Teaching About Complex Systems Using the STELLA Modeling Software

from www.usra.edu esselearnmod.html

Sunday, December 12, 2010, 9:00 am - 5:30 pm

In conjunction with the AGU Annual Meeting in San Francisco, CA
City College of San Francisco Ocean Campus

Fee: US $50 | Limit: 25 participants | Registration deadline: November 22, 2010

Note: This workshop has already taken place. See the workshop program for links to presentations and other material from the workshop.

Numerical modeling is a widely used tool in the Earth and Environmental Sciences, but can be intimidating for students with limited mathematical backgrounds and/or math anxiety. In this workshop, we present STELLA, an iconographic box modeling software package particularly beneficial in teaching basic modeling skills and in fostering student understanding of complex systems. Workshop participants will have the opportunity to work with existing models of phenomena such as radioactive decay, climate change, and thermohaline circulation, and will also work with other participants to generate new models to meet their own course needs. Discussions will cover such topics as the pedagogical value of teaching students how to model, and strengths and limitations of the STELLA software.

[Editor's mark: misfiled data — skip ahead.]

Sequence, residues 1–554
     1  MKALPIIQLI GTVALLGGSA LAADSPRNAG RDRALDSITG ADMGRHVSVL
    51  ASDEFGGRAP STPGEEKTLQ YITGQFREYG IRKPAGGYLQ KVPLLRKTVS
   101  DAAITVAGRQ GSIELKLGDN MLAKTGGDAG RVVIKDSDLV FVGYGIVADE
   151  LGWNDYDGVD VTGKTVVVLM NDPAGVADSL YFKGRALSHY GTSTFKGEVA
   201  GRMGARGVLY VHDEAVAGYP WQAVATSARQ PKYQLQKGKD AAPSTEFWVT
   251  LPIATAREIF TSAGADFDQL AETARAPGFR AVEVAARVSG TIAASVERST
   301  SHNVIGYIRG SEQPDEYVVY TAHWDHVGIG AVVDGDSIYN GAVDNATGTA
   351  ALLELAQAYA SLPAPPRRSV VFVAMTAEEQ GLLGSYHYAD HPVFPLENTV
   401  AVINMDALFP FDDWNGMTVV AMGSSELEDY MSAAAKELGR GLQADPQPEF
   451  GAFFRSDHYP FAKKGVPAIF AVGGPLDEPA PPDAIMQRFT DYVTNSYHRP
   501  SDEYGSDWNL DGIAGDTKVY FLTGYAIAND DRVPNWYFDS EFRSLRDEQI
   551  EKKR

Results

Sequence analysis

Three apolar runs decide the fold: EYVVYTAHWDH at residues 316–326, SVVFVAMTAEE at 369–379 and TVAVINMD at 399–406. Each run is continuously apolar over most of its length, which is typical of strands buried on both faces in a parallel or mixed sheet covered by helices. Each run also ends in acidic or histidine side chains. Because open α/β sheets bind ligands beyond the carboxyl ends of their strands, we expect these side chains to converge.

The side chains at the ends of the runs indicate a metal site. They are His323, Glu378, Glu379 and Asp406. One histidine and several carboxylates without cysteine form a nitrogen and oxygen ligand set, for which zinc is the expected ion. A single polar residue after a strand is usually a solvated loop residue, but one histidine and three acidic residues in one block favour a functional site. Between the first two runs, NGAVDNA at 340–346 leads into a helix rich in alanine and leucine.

Who should apply: any faculty member interested in incorporating numerical modeling into classroom exercises. Faculty at all levels of instruction (e.g. introductory level courses, intermediate undergraduate courses, senior seminar, graduate seminar) and across the range of disciplines in Earth and Environmental Science are encouraged to apply. Early career faculty are particularly welcome.

View the workshop program | Read the workshop overview

Workshop Conveners

  • David Bice, Pennsylvania State University
  • Kirsten Menking, Vassar College

This workshop is an On the Cutting Edge follow-on workshop designed to disseminate themes and outcomes from a prior workshop on Developing Student Understanding of Complex Systems in the Geosciences. This workshop is part of the On the Cutting Edge professional development program for current and future geoscience faculty, and is sponsored by the National Association of Geoscience Teachers with funding provided by a grant from the National Science Foundation - Division of Undergraduate Education .

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